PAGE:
CeMM: How immune cells kill bacteria with acid

Crucial protein for acidification of macrophage phagosome discovered

The first line of immune defense against invading pathogens like bacteria are macrophages, immune cells that engulf every foreign object that crosses their way and kill it with acid, in a process called phagocytosis. In their quest to systematically study proteins that transport chemicals across cellular membranes, researchers at CeMM characterized the critical role for transporter SLC4A7 in this process, providing valuable new insights for many pathologic conditions from inflammation to cancer. Their results were published in Cell Host & Microbe.

Among the many different kinds of immune cells that patrol the body, macrophages are the first when it comes to fight against a foreign threat. With their flexible and versatile surface, they engulf every microorganism or particle that could be harmful for the health of the organism, and enclose it in an intracellular membrane vesicle called phagosome. To eliminate the threat and break it down to its constituents, the interior of the phagosome needs to be effectively and progressively acidified. For this crucial part of phagocytosis, the macrophages must undergo multiple metabolic changes, which are not yet entirely understood.

The team of Giulio Superti-Furga, Scientific Director of CeMM, in collaboration with the laboratory of Nicolas Demaurex of the University of Geneva, discovered in their latest study that a membrane protein belonging to the family of “solute carriers” (SLCs) plays an essential role in phagocytosis and phagosome acidification. Their work was published in the journal Cell Host & Microbe (DOI 10.1016/j.chom.2018.04.013).

The researchers developed an essay with special cells in which they impaired the 391 human SLC genes individually using CRISPR/Cas9 gene editing technology. Strikingly, among all SLCs, SLC4A7, a sodium bicarbonate transporter, was the only one who turned out to be essential for macrophages to undergo phagocytosis and acidification. Cells with impaired SLC4A7 were unable to acidify their phagosomes and by consequence decreased their capacity to kill bacteria.

The results of this study do not only provide new fundamental insights into the molecular functioning of one of the most important cells of the immune system. As phagocytosis plays a significant role in various pathologic conditions from inflammation to cancer, these new insights are likely of relevance beyond the context of infectious diseases. The effort to understand the role of the different cellular transporters, supported by a grant of the European Research Council (ERC), has added a small new piece to the large and fascinating puzzle coupling trafficking of chemical matter to metabolism and cellular function.

Publication:

Vitaly Sedlyarov, Ruth Eichner, Enrico Girardi, Patrick Essletzbichler, Ulrich Goldmann, Paula Nunes-Hasler, Ismet Srndic, Anna Moskovskich, Leonhard X. Heinz, Felix Kartnig, Johannes W. Bigenzahn, Manuele Rebsamen, Pavel Kovarik, Nicolas Demaurex, and Giulio Superti-Furga. The Bicarbonate Transporter SLC4A7 Plays a Key Role in Macrophage Phagosome Acidification. Cell Host & Microbe, 2018. DOI: 10.1016/j.chom.2018.04.013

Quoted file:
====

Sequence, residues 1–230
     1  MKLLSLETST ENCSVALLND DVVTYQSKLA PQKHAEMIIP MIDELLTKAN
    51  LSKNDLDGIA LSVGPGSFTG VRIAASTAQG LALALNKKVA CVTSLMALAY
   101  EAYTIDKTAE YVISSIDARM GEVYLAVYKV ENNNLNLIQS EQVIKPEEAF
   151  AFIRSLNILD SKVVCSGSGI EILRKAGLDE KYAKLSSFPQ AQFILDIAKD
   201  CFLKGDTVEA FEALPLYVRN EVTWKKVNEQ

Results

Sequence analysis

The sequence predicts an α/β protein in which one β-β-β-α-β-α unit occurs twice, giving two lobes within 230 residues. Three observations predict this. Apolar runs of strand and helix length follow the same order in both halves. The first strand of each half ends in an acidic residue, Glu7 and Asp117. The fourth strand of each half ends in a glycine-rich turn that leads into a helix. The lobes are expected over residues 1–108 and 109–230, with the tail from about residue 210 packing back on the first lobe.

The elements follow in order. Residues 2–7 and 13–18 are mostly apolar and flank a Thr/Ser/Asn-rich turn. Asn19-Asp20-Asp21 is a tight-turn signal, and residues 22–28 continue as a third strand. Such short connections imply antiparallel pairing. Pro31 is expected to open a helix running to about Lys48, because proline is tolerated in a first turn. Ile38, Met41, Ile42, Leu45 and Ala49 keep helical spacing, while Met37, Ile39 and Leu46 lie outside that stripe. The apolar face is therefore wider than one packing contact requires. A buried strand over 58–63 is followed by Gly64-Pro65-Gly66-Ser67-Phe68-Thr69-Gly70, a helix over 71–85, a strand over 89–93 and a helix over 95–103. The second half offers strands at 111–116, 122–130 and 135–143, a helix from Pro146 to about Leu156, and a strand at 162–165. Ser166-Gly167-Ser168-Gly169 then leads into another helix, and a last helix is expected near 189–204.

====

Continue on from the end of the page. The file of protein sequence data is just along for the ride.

Funding:

The study was funded by the European Research Council (ERC), the Austrian Academy of Sciences, the Austrian Science Fund (FWF), the European Commission, and the European Molecular Biology Organization (EMBO).

About Giulio Superti-Furga

Giulio Superti-Furga Ph.D., is the Scientific Director of CeMM, the Research Center for Molecular Medicine of the Austrian Academy of Sciences, Professor for Medical Systems Biology at the Center for Physiology and Pharmacology of the Medical University of Vienna and Member of the Scientific Council of the European Research Council. As Scientific Director of CeMM, Giulio Superti-Furga has been fostering the precise and preventive medicine of the future by integrating basic research and clinical expertise to pursue pioneering diagnostic and therapeutic approaches. Among his major achievements to date are the elucidation of basic regulatory mechanisms of tyrosine kinases in human cancers, the determination of the precise mechanism of action of several drugs and the discovery of fundamental organization principles of the proteome and lipidome. In recent years, he has been focusing on membrane transporters, advocating the more systematic study of their function in the scientific community,
He is a member of the Austrian Academy of Sciences, the German Academy of Sciences Leopoldina, the European Molecular Biology Organization (EMBO), the European Academy of Cancer Sciences, and the Academia Europaea.
http://cemm.at/research/groups/giulio-superti-furga-group/

About CeMM

The mission of CeMM Research Center for Molecular Medicine of the Austrian Academy of Sciences is to achieve maximum scientific innovation in molecular medicine to improve healthcare. At CeMM, an international and creative team of scientists and medical doctors pursues free-minded basic life science research in a large and vibrant hospital environment of outstanding medical tradition and practice. CeMM’s research is based on post-genomic technologies and focuses on societally important diseases, such as immune disorders and infections, cancer and metabolic disorders. CeMM operates in a unique mode of super-cooperation, connecting biology with medicine, experiments with computation, discovery with translation, and science with society and the arts. The goal of CeMM is to pioneer the science that nurtures the precise, personalized, predictive and preventive medicine of the future. CeMM trains a modern blend of biomedical scientists and is located at the campus of the General Hospital and the Medical University of Vienna. www.cemm.at